Albert Camus’s The Stranger: Meaning of Meaninglessness
By: Ramlal Agarwal
The German occupation of France and World War II dissolved old certitudes and unshakable assumptions from the former ages. Some of the most sensitive and creative intellectuals and writers of the age found themselves in a void. They were besieged by a sense of the absurdity and meaninglessness of human existence. Albert Camus was one of them. He subjected his feelings to the rigors of philosophic inquiry and artistic treatment, combining the roles of a philosopher and a poet. Philosophically, he dealt with it in his seminal and heart-searching book, The Myth of Sisyphus, and artistically, he explored it in his various novels and plays, of which The Stranger and Caligula are the most prominent.
In The Stranger, he deals with a man who, like himself, is besieged by a feeling of absurdity. It affects his relationships with people. Except for practical needs, he is totally withdrawn and behaves, unlike normal people. It is for this reason that readers remember the very first paragraph of this novel.
Meursault receives the news of his mother’s death rather coolly. The telegram does not mention when she died. Hence, he takes two days’ leave and leaves for the old people’s home where he had kept her. The caretaker takes him to the mortuary and asks him whether he wants to see the face of his mother. Meursault declines. At the vigil, he is more aware of the light from the bulb and the flies. Unmindful of propriety, he drinks coffee and smokes a cigarette. He shows complete indifference to the rites of the burial and again declines to see the face of his mother one last time before she is interred. The following day, he sleeps with his girlfriend Marie. In their subsequent meetings, Marie asks him whether he loves her, and he replies that he does not think he does. When Marie asks him whether he would marry her, he says that it does not matter, but he would marry her if she wanted to.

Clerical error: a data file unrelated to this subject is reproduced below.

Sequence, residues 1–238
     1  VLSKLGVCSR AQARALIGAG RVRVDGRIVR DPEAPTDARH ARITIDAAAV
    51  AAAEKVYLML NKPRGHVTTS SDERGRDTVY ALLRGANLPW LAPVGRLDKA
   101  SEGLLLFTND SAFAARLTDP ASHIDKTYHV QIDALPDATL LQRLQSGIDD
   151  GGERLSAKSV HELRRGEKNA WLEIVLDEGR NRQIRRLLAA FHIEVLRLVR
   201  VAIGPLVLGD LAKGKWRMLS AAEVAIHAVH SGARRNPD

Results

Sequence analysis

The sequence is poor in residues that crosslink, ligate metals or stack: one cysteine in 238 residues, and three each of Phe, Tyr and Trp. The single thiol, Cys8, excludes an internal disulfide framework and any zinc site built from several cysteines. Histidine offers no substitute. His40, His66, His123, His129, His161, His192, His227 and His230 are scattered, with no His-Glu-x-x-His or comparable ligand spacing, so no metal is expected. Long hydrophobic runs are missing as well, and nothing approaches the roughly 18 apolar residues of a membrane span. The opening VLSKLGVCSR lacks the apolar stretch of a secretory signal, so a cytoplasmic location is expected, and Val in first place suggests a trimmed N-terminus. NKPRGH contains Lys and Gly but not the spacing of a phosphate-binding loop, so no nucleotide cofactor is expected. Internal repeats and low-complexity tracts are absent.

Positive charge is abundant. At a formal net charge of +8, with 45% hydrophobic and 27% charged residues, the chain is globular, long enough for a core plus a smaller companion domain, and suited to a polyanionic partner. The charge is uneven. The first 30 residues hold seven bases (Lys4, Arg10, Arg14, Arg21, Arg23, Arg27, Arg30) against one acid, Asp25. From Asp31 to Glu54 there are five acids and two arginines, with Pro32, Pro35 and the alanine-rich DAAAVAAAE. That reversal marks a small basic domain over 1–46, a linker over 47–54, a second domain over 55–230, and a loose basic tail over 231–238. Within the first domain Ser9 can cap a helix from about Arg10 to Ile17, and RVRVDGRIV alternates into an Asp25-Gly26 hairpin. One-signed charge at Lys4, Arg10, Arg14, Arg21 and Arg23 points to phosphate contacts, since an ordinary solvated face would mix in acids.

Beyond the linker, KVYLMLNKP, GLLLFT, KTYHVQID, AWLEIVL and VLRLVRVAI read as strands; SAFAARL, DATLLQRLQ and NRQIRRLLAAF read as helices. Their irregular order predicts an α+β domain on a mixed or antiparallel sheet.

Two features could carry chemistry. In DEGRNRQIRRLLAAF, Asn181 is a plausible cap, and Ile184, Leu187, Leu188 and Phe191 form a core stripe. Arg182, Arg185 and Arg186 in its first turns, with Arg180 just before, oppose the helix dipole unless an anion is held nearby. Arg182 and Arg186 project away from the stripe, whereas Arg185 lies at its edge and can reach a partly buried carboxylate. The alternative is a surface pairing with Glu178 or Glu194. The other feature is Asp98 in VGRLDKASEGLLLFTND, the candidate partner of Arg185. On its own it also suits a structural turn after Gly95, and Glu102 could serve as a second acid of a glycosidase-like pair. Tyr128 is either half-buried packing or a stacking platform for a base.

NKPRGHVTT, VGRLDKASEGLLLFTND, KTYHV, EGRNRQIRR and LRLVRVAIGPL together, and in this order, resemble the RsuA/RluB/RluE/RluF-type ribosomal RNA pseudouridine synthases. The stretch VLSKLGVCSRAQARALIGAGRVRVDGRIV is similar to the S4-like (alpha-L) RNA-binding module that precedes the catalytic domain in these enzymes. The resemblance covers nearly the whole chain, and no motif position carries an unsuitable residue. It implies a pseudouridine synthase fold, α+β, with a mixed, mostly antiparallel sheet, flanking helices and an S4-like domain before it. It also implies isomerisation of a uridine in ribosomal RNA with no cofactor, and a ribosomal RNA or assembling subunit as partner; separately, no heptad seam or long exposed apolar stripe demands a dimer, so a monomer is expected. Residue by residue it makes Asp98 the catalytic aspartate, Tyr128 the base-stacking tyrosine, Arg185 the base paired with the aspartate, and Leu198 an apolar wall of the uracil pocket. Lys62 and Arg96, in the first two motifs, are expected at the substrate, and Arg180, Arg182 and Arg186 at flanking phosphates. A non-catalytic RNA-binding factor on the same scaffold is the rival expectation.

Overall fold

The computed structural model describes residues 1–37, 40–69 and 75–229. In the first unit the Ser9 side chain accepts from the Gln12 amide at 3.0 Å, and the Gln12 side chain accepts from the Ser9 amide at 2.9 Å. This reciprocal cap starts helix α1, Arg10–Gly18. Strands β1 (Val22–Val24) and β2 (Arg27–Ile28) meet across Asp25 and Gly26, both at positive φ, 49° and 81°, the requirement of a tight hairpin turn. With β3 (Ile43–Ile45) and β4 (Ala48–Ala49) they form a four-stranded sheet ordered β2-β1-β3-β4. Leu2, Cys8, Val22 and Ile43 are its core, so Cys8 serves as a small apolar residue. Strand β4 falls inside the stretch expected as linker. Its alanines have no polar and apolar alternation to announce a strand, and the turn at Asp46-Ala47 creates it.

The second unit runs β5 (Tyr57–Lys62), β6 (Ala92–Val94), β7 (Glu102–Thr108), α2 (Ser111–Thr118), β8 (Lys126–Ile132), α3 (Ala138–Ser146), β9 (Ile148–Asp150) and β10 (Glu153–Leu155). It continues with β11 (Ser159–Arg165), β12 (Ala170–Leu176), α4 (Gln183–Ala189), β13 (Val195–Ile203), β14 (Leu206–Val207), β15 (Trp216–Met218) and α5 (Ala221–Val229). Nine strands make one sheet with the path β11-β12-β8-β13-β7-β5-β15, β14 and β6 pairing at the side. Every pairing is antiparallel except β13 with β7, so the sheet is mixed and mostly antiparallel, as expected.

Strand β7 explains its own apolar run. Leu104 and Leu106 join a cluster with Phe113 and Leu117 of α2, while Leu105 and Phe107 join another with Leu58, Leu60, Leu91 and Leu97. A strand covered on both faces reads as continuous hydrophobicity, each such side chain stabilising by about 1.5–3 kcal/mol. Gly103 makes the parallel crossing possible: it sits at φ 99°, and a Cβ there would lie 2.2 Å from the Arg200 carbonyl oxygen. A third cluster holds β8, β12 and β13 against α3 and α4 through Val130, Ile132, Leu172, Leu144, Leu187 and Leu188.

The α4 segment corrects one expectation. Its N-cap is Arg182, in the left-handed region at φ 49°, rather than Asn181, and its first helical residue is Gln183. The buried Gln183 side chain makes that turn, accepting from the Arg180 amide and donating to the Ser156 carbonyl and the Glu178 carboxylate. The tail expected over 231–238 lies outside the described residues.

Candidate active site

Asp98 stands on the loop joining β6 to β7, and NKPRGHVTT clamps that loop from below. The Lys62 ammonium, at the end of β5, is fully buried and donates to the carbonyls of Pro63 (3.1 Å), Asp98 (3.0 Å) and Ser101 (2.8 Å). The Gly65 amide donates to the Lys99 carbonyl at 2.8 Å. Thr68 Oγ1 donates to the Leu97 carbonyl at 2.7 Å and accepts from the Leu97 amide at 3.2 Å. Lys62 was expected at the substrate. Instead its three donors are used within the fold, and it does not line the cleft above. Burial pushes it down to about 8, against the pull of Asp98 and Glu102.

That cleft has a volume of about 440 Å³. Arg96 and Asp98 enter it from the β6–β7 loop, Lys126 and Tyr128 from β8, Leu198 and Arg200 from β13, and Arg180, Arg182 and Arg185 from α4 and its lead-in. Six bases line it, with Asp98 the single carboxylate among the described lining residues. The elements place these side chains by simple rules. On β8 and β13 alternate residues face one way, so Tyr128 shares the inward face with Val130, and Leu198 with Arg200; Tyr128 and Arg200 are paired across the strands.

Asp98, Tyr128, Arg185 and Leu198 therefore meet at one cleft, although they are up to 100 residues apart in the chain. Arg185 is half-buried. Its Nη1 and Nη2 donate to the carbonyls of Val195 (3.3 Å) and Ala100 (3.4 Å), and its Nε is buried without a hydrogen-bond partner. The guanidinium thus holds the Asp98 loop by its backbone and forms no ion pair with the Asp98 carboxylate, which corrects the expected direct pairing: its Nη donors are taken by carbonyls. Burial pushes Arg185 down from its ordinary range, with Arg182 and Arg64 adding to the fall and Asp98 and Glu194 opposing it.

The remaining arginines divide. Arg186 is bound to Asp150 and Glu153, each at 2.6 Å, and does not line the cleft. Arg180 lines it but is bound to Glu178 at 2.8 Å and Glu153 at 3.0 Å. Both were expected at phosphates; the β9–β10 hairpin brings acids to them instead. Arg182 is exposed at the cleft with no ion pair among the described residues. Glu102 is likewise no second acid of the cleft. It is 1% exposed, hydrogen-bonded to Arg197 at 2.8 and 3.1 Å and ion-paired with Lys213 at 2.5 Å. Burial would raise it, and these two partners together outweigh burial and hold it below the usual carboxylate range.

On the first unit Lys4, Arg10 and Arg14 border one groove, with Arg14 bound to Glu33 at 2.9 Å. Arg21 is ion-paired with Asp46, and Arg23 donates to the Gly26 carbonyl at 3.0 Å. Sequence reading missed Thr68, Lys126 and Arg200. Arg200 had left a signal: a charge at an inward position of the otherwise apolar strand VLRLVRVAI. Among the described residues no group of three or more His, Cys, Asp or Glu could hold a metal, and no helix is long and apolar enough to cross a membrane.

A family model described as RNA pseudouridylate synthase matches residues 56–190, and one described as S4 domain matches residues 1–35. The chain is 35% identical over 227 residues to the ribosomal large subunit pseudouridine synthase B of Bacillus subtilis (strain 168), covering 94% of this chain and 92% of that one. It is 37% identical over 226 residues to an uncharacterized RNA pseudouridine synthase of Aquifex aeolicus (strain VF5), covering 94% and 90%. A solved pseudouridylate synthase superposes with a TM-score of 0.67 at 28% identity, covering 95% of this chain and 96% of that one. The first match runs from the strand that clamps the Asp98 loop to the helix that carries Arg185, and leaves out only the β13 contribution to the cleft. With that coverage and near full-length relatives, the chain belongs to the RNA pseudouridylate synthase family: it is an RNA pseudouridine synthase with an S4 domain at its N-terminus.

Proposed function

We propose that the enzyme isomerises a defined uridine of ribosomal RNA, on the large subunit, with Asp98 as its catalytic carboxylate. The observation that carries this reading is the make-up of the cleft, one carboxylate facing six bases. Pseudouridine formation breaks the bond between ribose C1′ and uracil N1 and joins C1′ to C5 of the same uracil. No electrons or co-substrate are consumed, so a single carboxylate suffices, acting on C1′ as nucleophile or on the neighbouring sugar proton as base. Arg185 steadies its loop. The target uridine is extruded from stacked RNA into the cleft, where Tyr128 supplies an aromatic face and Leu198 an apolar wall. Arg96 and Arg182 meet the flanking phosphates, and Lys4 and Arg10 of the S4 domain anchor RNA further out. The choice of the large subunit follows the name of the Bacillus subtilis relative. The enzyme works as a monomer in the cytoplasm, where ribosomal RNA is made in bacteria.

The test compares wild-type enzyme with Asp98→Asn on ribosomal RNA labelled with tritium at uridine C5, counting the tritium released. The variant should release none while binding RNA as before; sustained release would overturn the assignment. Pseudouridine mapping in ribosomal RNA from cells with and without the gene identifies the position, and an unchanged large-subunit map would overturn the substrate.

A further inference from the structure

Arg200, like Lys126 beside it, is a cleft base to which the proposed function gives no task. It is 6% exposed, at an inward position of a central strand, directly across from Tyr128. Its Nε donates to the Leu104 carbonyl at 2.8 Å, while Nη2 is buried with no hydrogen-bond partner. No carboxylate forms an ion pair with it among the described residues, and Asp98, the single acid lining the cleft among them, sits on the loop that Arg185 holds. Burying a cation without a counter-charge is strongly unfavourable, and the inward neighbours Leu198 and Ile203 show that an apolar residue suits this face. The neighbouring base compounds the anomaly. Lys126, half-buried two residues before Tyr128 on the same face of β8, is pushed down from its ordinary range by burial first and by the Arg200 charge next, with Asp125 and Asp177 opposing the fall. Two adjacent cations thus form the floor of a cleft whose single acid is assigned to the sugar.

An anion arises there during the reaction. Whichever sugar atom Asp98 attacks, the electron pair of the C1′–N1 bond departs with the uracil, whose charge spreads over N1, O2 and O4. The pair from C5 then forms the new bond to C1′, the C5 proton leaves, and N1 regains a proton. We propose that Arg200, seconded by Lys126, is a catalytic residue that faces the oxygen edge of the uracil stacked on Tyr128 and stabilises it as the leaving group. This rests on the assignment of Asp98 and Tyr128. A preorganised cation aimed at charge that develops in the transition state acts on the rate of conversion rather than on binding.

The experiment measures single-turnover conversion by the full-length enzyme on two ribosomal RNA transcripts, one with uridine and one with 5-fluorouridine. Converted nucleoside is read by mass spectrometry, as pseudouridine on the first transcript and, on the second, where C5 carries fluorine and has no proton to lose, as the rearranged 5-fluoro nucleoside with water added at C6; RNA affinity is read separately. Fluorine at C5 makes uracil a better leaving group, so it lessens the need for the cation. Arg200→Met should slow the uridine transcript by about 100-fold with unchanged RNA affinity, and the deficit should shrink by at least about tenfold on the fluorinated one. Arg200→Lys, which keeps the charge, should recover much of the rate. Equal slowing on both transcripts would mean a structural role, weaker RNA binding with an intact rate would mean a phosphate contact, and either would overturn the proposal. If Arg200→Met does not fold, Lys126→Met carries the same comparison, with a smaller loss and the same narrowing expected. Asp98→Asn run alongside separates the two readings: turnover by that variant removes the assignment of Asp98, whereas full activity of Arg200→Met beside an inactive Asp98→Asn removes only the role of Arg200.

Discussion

One day, while returning from his office, he meets his next-door neighbour, Raymond Sintes. Local people say that Sintes lives off women, and most people don’t like him much. Raynold tells him that he has some wine and black pudding and asks if he wants to have them with him. Meursault accepts because it would save him from cooking his own meal. In the room, which is not well kept, Sintes takes out a bandage from his pocket and wraps it around his right hand. Meursault asks him what he has done. Sintes replies that he has had a fight with a block, the brother of his mistress, whom he had thrashed for cheating on him earlier. Another character from the same building is Salamano, who is always seen with his mangy dog and is always cursing him. One day, the dog is missing, and Salamano grieves over his lost dog and starts looking for it everywhere. Later on, Raynolds phones Meursault and tells him that his friend Masson has invited him to spend the day at his chalet just outside Algiers. When Meursault says that he has promised to spend the day with Marie, Raynolds says that she too has been invited as she would please Masson’s wife.